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Private view, public birth: making feminist sense of the new visual culture of childbirth

Research output: Contribution to Journal/MagazineJournal articlepeer-review

<mark>Journal publication date</mark>2013
<mark>Journal</mark>Studies in The Maternal
Issue number2
Publication StatusPublished
<mark>Original language</mark>English


In the last three decades, there has been a dramatic increase in media representations of childbirth, notably within cinema, reality television and television drama, online video-sharing platforms, pornographic film, and in fine art practice. As yet, however, there is little feminist scholarship on the meanings and implications of this new visual culture of childbirth and its relationship to what has been described as ‘the taboo aesthetics of the birth scene’ (Tyler & Clements 2009; Tyler 2009a). This taboo aesthetics constructs the act of birth, especially the moment of crowning, and maternal experiences of pain and pleasure in childbirth, as taboo through the systematic occlusion of these aspects of childbirth in popular, medical and artistic representations. Until recently, the scene of birth has been represented, but staged around a series of lacunae, gaps or missing images, particularly of the maternal vagina ‘holding’ the head of the emerging foetus, and the maternal face in pain and pleasure, such that the birthing subject is both there and not there simultaneously. As the artist Jessica Clements (2009) points out, for instance, in relation to her study of medical texts depicting childbirth, ‘the photographs were cropped tightly on a draped body. They showed hands working on someone inanimate. Somewhere above the pubic bone or between the legs, scissors cut open a space’ (Tyler & Clements 2009, p. 134). Outside the important work of a small number of artists who opened up childbirth as a viable artistic subject during feminism’s second wave1, and the medical, health and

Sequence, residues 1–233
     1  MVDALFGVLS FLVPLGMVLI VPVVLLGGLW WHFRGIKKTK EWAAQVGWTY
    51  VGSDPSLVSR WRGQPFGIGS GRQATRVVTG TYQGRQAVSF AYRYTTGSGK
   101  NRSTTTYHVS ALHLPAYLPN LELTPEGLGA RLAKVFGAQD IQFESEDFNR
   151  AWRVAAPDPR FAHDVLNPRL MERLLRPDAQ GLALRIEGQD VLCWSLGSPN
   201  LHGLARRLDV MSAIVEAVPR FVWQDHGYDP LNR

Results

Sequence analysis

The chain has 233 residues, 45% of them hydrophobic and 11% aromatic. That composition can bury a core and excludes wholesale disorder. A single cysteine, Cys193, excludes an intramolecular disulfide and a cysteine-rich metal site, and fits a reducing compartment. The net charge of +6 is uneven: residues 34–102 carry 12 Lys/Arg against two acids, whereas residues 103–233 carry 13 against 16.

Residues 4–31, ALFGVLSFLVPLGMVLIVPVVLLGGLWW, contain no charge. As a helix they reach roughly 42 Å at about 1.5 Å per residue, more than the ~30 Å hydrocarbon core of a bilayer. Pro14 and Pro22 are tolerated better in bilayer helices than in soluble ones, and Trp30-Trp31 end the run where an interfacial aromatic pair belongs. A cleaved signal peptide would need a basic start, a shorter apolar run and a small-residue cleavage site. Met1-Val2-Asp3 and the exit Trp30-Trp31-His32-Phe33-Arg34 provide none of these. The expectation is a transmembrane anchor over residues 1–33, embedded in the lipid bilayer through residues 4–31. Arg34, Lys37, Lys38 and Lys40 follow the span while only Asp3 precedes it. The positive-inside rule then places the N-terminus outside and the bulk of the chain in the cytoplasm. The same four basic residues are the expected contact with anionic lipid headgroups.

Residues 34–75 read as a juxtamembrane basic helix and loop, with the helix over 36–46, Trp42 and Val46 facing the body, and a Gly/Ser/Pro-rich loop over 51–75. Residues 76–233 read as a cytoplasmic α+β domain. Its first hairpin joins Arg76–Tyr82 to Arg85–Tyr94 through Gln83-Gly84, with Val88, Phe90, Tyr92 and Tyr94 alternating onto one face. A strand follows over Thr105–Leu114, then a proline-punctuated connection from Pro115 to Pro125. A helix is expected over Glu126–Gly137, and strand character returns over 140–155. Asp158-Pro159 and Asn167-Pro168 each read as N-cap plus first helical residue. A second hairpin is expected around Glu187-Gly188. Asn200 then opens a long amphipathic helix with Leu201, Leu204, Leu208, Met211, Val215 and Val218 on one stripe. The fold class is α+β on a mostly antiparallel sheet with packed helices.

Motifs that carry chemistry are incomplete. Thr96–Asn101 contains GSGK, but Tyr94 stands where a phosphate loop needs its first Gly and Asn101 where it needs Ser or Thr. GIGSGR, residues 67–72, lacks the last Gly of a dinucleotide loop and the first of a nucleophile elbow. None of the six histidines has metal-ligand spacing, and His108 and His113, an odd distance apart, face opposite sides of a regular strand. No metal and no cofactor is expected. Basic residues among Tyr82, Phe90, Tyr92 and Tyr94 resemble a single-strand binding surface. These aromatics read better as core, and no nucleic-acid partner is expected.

instructional contexts that have allowed, and yet simultaneously ‘confined’ its visualisation, childbirth has until recently remained ‘the great unseen’ of European culture. Today the taboo of childbirth is being broken as birth is becoming routinely witnessed and represented in more graphic and public ways. If, as both European philosophical and psychoanalytic traditions have variously argued, maternal origin - the fact of our birth - is the obscene ‘open secret’, which we must psychologically disavow in order to emerge as distinct and bounded subjects (Beauvoir 1953; Arendt 1958; Kristeva 1986; Baraitser 2009a), then the new graphic visibility of birth within public culture is suggestive of a significant historical and psychosocial shift that bears close examination. It is not simply that representations of birth have multiplied and changed, but that the many different forms of public representation of birth raise their own social and political questions: What, for example, are the implications of birth taking its place alongside other mundane and everyday subjects that provide material for reality TV?
What does it mean that women can now routinely make and watch home movies of themselves giving birth, and share those movies with a nebulous online ‘public’ around the world? How do we understand the emergence of those publics through the millions of ‘hits’ some birth movies are receiving on video-sharing platforms? What is the significance of the fact that a generation is now able to watch audio-visual footage of themselves being born? Given the way birth has been imagined as unrepresentable and unknowable in the history of philosophy, how might the new
visual culture of birth change our understandings of the relation between representations of the female body, and maternal subjectivity and sexuality? And how might we understand an emergent feminist politics of these public cultures of birth? Finally, in a more theoretical register, do theories of abjection, so prominent in feminist scholarly and aesthetic work during the 1980s and 1990s, still offer helpful ways of understanding the simultaneity of over-exposure and selective sanitisation and normalisation of childbirth in prevailing media and televisual representations?